The Weird World of Occult America -- How Mysticism Shaped Our Nation
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If witch-burning Puritans are the original jocks of American history, then the mystics surrounding Johannes Kelpius are the first goths. While the rest of the British colonies were still dutifully worshipping their angry Christian god, Kelpius and his followers—who fled Austria to settle in Philadelphia during the late seventeenth-century—busied themselves with astrology, alchemy, Kabbalah, and other “dark arts” with tangled roots in the Italian Renaissance, the Rosicrucian Enlightenment, and various (often fabricated) antiquities. We meet Kelpius early in Mitch Horowitz’s Occult America: The Secret History of How Mysticism Shaped Our Nation, an uneven but always interesting account of 400 years of New World Strange. Among the several misconceptions Horowitz seeks to dispel, the most foundational is the idea that Colonial America provided shelter only for persecuted Christian sects. Almost from the beginning, North America was also home to a fair number of those who, like Kelpius, had more arcane spiritual interests.
Horowitz never claims that these beliefs were as formative an influence as Christianity in the making of America, but after finishing his book, one can’t help but wonder if maybe Ouija boards don’t belong next to King James in every motel room. Horowitz ably chronicles how occult traditions have, over the centuries, deeply and consistently influenced the American mainstream—sometimes entering the mainstream themselves in the process. Many of the figures that populate Horowitz’s narrative will be unknown to the uninitiated, but their impact is illustrated by the frequent appearance of more familiar names. Mormonism’s founder Joseph Smith, after a childhood in the Hudson Valley’s famously heterodox “Burnt-over District,” was at the time of his death studying Hebrew and Kabbalah. Henry Ford was a fan of the New Thought leader Ralph Waldo Trine, and he often gave visitors copies of Trine’s In Tune With the Infinite. Frederick Douglass left open the possibility that a magic “hoodoo” root (not to be confused with “voodoo”) helped him secure victory against a cruel slave master.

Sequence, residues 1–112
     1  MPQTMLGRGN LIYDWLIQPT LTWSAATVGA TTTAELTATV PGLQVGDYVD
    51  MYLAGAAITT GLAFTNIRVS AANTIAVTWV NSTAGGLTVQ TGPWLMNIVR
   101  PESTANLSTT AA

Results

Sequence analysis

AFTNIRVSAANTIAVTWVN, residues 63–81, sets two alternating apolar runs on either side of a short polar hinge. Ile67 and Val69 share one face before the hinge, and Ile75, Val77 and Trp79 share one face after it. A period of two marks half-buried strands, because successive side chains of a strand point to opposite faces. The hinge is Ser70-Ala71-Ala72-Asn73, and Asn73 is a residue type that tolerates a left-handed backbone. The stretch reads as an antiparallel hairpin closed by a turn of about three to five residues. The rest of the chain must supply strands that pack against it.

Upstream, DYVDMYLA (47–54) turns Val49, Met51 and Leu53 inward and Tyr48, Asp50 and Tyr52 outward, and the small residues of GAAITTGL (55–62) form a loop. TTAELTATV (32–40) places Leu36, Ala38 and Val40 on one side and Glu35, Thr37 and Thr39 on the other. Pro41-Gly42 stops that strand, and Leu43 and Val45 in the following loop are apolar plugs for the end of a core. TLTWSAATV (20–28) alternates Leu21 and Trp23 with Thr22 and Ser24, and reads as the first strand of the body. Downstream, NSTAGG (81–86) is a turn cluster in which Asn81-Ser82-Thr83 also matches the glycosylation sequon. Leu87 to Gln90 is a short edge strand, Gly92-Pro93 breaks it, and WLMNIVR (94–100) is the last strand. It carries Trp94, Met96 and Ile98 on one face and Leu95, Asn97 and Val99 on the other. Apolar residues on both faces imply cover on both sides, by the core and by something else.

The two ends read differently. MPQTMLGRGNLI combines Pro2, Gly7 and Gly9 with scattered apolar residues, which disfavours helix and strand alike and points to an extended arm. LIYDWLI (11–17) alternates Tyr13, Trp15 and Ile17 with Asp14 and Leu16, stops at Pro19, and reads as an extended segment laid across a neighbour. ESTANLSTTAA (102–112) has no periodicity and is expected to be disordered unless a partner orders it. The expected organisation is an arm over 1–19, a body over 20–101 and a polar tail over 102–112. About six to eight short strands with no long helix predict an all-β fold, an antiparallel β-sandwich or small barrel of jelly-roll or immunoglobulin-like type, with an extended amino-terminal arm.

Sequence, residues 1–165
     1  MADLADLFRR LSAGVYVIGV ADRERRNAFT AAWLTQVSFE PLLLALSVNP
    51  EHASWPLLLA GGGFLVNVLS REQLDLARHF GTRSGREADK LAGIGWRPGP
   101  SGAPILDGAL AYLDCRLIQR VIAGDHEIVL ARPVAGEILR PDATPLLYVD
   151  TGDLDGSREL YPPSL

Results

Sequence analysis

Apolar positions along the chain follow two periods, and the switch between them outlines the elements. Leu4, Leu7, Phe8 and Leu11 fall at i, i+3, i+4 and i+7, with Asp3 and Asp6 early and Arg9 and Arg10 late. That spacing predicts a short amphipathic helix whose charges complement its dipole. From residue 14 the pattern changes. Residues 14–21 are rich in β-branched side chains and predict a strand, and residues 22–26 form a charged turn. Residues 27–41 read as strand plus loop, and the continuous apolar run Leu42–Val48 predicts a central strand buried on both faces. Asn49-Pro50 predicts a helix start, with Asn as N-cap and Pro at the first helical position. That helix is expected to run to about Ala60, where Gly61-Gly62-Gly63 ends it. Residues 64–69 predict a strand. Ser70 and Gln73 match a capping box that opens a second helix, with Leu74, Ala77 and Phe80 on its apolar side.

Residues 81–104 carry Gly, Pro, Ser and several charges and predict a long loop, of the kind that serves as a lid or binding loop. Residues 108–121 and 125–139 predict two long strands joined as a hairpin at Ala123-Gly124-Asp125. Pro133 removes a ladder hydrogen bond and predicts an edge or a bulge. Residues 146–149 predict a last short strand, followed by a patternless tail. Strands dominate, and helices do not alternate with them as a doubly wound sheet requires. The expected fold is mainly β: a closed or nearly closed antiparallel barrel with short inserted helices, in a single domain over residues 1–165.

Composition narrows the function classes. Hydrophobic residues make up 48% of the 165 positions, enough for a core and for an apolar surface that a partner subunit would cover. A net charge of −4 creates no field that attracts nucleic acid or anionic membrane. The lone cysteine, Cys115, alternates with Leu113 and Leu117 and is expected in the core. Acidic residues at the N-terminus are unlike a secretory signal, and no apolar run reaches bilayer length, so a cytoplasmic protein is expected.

One of the more surprising vignettes involves Henry Wallace, the New Deal figure best remembered today for his doomed third-party challenge to Harry Truman in 1948. As Horowitz shows, it wasn’t Wallace’s alleged ties to Communists that brought a premature end to his political career; it was his relationship with a shadowy Theosophist “guru” named Nicholas Roerich.
As often as not in Horowitz’s history, mysticism meant money. Occult America offers numerous examples of hucksters popularizing esoteric ideas to make a buck. Almost all did so by preaching variations on the profoundly American idea of “the power of positive thinking” (or, in the first formulation, “the power of affirmative thought”). It first came to prominence in Jacksonian America, when a Maine clockmaker named Phineas P. Quimby came to believe he had cured his tuberculosis simply by refusing to believe in it. Quimby’s insight, combined with the ideas of Mesmerists and Swedenborgians, gave birth to the movement known as New Thought. Almost a century later, an Idaho druggist named Frank Robinson would build on New Thought premises to found and grow the world’s eighth largest religion, Psychiana, largely by selling memberships (with a money-back guarantee) through mail-order magazine ads. Robinson’s paying adherents received lesson plans that mixed mind-healing, prayer, and good old-fashioned Emersonian self-reliance. Ernest Holmes would employ a similar model to build the still-extant Church of Religious Science. By the mid-twentieth-century, New Thought had been further mainstreamed and repackaged for mass consumption in the form of best-selling books by Dale Carnegie, Napoleon Hill, and—most famously—Norman Vincent Peale.
Among the forgotten stories Horowitz tells is the role the occult played in the progressive social movements of the nineteenth and twentieth centuries. The most famous nineteenth-century Theosophists, Spiritualists, and trance mediums preached a radically democratic view of religion, society, and individual empowerment that crossed barriers of gender, religion, and race. Many were active in the fight for women’s rights, the abolition of slavery, and desegregation. “Spiritualism has inaugurated the era of woman,” declared the Spiritualist suffragette Mary Fenn Love in 1853. Twenty years later, a trance medium named Victoria Woodhull became the nation’s first female presidential candidate, nominated by a coalition of suffragists, abolitionists, and religious free thinkers who counted a wide array of occultists in their number.